"The formula for being a successful futurist is this: think of the dumbest, most idiotic thing (make sure it involves computers and the Internet, and maybe space travel), then predict it."

I got one... tinfoil hats with antennas, made from NASA materials!

TJSeptember 25, 2016 9:32 PM

People in these comments should just go show them how to write hundreds of thousands of lines of code without memory corruption..

These firmwares have ZERO memory protections.. You basically just have to learn OBDII and make an interface

AlexSSeptember 26, 2016 1:10 PM

@James: "Maybe we should be treating these "self driving" cars the same as a commercial passenger plane/jet. It has autopilot, but should only be used during the extended period the vehicle is traveling. If you are traveling in a non congested road/highway and your are going a certain distance, then auto can be engaged. Auto pilot cannot be engaged during rush hour or under a certain amount of miles, near your resident or place of work or etc."

Actually...that's not how these systems work. I drive a Mercedes equipped with a more advanced system of what's installed on the Tesla vehicles. Same vendor (Bosch Mobility Solutions), just more sensors, more cameras, & more advanced processing on mine. So far my car's driven ~30,000 miles without my assistance. There are "deadman" algorithms in the programming to make sure the driver is still alive, awake, and mainly for liability - ie: the driver is in control of the car, not the manufacturer. I've briefly driven a Tesla, and there are differences, so I can only speak on my car. On my car, there are several different algorithms which the car goes between depending on conditions.

Overall, my car PREFERS to be in heavy traffic versus being on the open highway. As traffic picks up, my car is able to detect & "see" the movement of cars around it on medium & long-range radar in addition to its array of cameras. The driver assist computers try to match & verify the data from every sensor as much as possible. If all of the sensors and cameras match, great! If not, the car tries to determine which sensors are believable & which aren't. In brutal stop & go gridlock, the car is for all purposes capable of being fully autonomous. There's a ton of good data it's receiving, even its ultrasonic sensors are sending good data back to the computer. Everything around it is happening slow enough for it to react to any asshattery of other drivers. Trust me, the car's been cut off many of times in rush hour traffic and handles it fine.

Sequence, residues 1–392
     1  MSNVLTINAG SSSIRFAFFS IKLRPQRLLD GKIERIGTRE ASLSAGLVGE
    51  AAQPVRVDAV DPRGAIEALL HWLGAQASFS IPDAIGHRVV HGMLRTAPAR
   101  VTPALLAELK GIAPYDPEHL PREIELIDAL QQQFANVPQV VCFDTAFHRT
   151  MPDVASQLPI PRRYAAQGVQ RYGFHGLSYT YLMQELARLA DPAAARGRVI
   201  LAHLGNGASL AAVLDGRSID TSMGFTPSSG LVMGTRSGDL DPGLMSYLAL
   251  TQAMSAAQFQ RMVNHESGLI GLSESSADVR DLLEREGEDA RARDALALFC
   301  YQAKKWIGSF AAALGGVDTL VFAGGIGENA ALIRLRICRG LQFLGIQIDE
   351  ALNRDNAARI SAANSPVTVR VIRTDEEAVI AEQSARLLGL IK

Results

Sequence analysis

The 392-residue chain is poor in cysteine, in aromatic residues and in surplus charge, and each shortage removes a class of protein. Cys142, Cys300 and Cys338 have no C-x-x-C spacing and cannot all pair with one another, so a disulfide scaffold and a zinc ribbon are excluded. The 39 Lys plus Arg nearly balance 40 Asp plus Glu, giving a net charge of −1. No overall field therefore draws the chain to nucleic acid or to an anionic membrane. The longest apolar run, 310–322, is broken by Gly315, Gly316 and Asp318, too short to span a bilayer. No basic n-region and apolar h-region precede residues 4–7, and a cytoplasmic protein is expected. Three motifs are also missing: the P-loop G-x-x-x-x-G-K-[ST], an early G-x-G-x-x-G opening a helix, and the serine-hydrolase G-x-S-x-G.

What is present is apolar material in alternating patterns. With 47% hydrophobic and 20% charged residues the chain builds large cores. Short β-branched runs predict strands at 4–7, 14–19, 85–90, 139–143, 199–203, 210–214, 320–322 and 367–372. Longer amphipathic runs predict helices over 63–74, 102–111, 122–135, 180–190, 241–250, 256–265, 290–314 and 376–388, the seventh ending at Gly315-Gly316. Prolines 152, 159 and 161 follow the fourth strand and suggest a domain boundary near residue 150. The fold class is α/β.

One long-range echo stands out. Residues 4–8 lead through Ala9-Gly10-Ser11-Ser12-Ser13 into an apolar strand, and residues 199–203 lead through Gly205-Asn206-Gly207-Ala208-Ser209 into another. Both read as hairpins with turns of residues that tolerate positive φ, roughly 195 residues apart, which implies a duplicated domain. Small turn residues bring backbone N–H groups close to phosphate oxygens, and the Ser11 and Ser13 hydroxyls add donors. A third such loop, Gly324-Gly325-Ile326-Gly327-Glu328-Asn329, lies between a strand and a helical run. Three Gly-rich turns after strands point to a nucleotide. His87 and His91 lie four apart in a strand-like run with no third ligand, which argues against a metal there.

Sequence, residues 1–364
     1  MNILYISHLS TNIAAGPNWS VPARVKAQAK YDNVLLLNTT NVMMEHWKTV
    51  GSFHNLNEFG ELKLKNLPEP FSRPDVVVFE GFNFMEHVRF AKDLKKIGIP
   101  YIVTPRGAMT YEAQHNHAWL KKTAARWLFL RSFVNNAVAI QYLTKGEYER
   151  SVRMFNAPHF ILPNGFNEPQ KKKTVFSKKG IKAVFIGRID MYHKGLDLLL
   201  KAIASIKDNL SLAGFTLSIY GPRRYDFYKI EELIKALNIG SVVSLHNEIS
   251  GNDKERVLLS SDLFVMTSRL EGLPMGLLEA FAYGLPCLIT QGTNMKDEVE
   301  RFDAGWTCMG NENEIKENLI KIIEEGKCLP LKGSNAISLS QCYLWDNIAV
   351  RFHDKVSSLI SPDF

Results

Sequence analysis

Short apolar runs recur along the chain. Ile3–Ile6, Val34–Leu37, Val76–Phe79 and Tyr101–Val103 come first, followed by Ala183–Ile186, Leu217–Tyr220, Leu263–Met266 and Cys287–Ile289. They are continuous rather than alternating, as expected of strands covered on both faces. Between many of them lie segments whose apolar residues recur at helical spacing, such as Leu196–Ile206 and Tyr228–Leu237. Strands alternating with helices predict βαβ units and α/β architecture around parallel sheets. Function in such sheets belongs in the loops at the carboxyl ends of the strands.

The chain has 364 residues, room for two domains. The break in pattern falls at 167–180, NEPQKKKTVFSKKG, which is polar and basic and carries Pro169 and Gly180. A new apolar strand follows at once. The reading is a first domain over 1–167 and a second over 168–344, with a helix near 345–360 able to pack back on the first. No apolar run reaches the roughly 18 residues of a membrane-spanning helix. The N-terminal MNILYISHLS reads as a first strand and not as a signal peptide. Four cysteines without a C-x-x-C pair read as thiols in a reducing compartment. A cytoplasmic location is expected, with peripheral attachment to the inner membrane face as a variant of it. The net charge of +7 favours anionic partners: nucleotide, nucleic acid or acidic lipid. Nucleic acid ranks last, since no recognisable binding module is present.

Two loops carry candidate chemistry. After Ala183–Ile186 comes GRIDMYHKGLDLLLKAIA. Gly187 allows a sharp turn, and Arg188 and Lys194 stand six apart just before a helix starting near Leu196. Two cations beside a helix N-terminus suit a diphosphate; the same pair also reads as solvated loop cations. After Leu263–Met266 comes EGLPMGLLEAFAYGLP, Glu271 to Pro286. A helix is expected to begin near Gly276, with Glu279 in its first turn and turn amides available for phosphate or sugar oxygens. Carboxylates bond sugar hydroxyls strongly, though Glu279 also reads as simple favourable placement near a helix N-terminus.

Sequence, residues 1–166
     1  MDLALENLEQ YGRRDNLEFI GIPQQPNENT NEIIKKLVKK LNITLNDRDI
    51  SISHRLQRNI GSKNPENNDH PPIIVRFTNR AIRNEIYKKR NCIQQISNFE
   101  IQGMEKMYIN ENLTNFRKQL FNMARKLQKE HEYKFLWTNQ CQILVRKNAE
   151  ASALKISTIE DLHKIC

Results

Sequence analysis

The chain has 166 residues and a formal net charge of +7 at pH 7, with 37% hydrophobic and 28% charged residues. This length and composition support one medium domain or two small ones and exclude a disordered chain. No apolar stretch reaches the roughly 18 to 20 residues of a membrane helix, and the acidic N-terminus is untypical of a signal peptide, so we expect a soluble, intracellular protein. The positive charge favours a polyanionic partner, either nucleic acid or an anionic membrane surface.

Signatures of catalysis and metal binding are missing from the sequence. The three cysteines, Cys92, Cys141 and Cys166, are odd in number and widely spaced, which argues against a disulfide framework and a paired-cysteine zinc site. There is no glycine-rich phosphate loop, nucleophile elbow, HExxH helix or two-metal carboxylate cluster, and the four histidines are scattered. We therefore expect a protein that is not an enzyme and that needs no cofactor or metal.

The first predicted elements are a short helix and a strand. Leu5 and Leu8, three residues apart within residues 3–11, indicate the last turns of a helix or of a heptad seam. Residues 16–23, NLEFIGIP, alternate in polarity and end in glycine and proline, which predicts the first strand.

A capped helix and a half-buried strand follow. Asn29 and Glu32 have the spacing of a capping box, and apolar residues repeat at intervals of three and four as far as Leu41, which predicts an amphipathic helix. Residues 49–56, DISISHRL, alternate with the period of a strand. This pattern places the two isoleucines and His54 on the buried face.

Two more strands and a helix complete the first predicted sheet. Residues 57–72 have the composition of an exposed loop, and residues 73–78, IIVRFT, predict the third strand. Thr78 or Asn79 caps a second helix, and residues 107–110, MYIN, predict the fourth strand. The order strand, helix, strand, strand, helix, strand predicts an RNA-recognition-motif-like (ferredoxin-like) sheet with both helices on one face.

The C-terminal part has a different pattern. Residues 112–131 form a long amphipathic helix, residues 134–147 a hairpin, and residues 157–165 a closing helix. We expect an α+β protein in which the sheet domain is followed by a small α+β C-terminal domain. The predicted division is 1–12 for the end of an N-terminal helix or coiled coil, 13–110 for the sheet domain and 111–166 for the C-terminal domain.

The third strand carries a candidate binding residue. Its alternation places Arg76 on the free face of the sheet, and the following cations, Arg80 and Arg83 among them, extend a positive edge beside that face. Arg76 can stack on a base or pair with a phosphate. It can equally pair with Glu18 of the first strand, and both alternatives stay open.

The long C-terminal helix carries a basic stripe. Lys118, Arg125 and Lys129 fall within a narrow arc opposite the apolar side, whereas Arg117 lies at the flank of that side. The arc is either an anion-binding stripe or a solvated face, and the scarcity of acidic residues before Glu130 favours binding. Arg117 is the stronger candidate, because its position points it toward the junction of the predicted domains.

Now, on the open highway with very few cars around, the ultrasonic, medium-range, and long-range radar sensors aren't getting a whole lot of data. The car becomes dependent solely on its camera arrays and GPS maps. As long as the road markings are in good shape, sure, it works. BUT, most of the road markings in the USA are sub-par at best. Or worse, non-standard. The car does a very commendable job with it, but there are times when it tells you it's not sure what it's supposed to be doing, like when DOT put a bunch of construction barricades in the traffic lanes. The car rightfully complained there were foreign objects in the roadway.

So the middle of Midtown Manhattan, this thing is happy as a pig in mud and I have no problem letting it do whatever it wants. On the highway it's alright, but I wouldn't trust it implicitly.

I should also point out that twice the car successfully prevented 2 accidents. In both cases, I was about to get rear-ended by another driver. In the first, the car jumped into an adjacent lane and the car behind me slammed into the van that was in front of me. In the second, the car started strobing its taillights like a police lightbar, which got the driver's attention and he swerved around me at the last minute.

TJSeptember 26, 2016 2:29 PM

Just Think This Needs Pointed Out: There is no such thing as a "self driving car".. Lane and parallel assist are far from "self driving" and even they have failure-rates.. I'll walk on Venus way before Tesla or Comma.ai accomplish generic A.I..

William PayneSeptember 27, 2016 7:52 AM

Software quality is the automotive industry's Achilles' heel.

A lot of people talk the talk, but very few walk the walk.

The industry is dominated by a gladiatorial management culture, conceived in the crucible of aggressive (and sometimes downright deceptive and hostile) negotiations between OEMs and suppliers; cascading down to the creation of perma-crunch / perma-crisis working conditions for ordinary engineers.

This environment encourages individuals to take on quite obscene levels of technical debt, and fosters a culture of jaded cynicism and deception to disguise the quantity of duct-tape holding everything together.

This will continue to be a problem for as long as the howls of shock and distress from outraged engineers are met with a "this is just the way the industry works" from middle management.

The sad thing is the extent to which this (a) discourages innovation and (b) makes the whole development process *so* much less efficient. We know what it takes to fix things. W.E. Deming had the answers decades ago. We just need to stop talking and start walking.